Many programs vital to people with intellectual and developmental disabilities (I/DD) have been at risk of deep cuts during the recent deficit reduction negotiations. Social Security is still in danger of being cut as Members of Congress consider a proposal to change the way benefits are calculated. This shift to what is called the “chained CPI” is a cut to Social Security and Supplemental Security Income (SSI) benefits. Cuts from the “chained CPI” get bigger every year and could have horrible consequences for people with I/DD over time.
Last week, The Arc’s CEO Peter Berns was invited to speak at a press conference in the U.S. Capitol, organized by Sen. Bernie Sanders (I-VT). Berns was joined by Sen. Sheldon Whitehouse (D-RI), Sen. Jeff Merkley (D-OR), and representatives from other organizations whose constituencies would be impacted by this benefit cut. To read more visit our blog.
On Wednesday, July 6th, four families will join The Arc’s CEO Peter Berns and Public Policy Director Marty Ford in a meeting with key staff at the White House on Medicaid. The purpose of the meeting is for the White House to hear how Medicaid cuts would affect each family’s circumstances as President Obama continues to engage in deficit reduction talks.
President Barack Obama announced his appointments to the President’s Committee for People with Intellectual Disabilities, which included The Arc’s CEO Peter Berns. This expert group will provide advice and assistance to President Obama and the Secretary of Health and Human Services on a broad range of topics that impact people with I/DD and their families.
Since 2003, the Disability Policy Collaboration (DPC) has been the shared public policy arm of The Arc and UCP. The DPC focuses on federal legislative and regulatory efforts to improve the lives of individuals with disabilities and their families. Since its inception, the DPC has been a vital force in shaping federal legislation to advance the lives of people with disabilities and, most recently, played a significant role in the passage of Health Care Reform as well as Rosa’s Law. With the announced retirement of Staff Director Paul Marchand in December 2010, the two organizations began a reassessment of the collaboration to determine the most effective way to engage in advocacy and policy efforts in the future. Effective April 1, 2011, the DPC will cease and each organization will resume its own public policy program while continuing to join together on select projects as well as actively participate as members of the Consortium for Citizens with Disabilities (CCD).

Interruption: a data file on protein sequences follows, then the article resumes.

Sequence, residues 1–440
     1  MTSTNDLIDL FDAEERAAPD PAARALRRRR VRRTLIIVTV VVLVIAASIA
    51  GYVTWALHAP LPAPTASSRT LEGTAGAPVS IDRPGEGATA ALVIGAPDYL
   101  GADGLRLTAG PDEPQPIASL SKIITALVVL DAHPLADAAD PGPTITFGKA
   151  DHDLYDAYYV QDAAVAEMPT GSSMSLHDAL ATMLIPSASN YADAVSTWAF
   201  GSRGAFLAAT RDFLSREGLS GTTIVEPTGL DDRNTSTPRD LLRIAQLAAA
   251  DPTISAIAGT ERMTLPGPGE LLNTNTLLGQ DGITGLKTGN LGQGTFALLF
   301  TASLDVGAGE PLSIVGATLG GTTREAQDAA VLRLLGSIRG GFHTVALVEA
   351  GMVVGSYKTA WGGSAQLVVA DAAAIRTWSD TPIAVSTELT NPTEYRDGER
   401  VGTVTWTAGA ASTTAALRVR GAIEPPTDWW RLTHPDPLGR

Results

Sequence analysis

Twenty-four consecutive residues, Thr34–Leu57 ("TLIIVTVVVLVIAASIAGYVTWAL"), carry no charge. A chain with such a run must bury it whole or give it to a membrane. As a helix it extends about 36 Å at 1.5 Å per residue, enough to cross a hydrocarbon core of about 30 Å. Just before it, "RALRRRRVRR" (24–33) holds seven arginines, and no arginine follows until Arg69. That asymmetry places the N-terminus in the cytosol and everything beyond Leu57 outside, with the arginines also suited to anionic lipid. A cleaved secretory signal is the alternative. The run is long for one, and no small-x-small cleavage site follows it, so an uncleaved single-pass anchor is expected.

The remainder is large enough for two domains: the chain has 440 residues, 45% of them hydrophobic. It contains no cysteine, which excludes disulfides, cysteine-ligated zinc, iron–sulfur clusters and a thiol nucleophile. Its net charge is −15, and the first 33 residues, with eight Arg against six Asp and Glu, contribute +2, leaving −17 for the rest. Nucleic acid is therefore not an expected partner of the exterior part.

“The efforts of the DPC have had an immeasurable impact on federal legislation and regulatory efforts that improve the lives of people with disabilities and their families,” said Peter V. Berns, CEO of The Arc. “As we move forward, The Arc and UCP will continue to be vigorous advocates for people with disabilities and to create opportunity in every aspect of their lives.”
“We are proud of all that the DPC has accomplished over its eight years, pushing for civil rights protections and public policies that provide support to ensure fair and full citizenship for people with disabilities,” said Stephen Bennett, President and Chief Executive Officer of United Cerebral Palsy. “We look forward to continuing our partnership with The Arc, both as a member of CCD and through shared, targeted projects. We believe that our new approach will only expand the number and strength of advocates striving to create a life without limits for people with disabilities.”